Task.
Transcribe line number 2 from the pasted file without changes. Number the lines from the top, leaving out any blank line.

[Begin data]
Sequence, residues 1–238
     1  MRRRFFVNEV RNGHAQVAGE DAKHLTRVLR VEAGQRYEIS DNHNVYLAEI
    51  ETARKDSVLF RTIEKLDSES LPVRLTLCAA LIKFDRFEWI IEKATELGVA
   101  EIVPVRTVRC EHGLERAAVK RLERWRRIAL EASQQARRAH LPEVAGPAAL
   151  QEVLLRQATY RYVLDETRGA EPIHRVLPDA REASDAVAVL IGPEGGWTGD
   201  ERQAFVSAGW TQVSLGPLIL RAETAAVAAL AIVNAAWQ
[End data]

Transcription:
     1  MRRRFFVNEV RNGHAQVAGE DAKHLTRVLR VEAGQRYEIS DNHNVYLAEI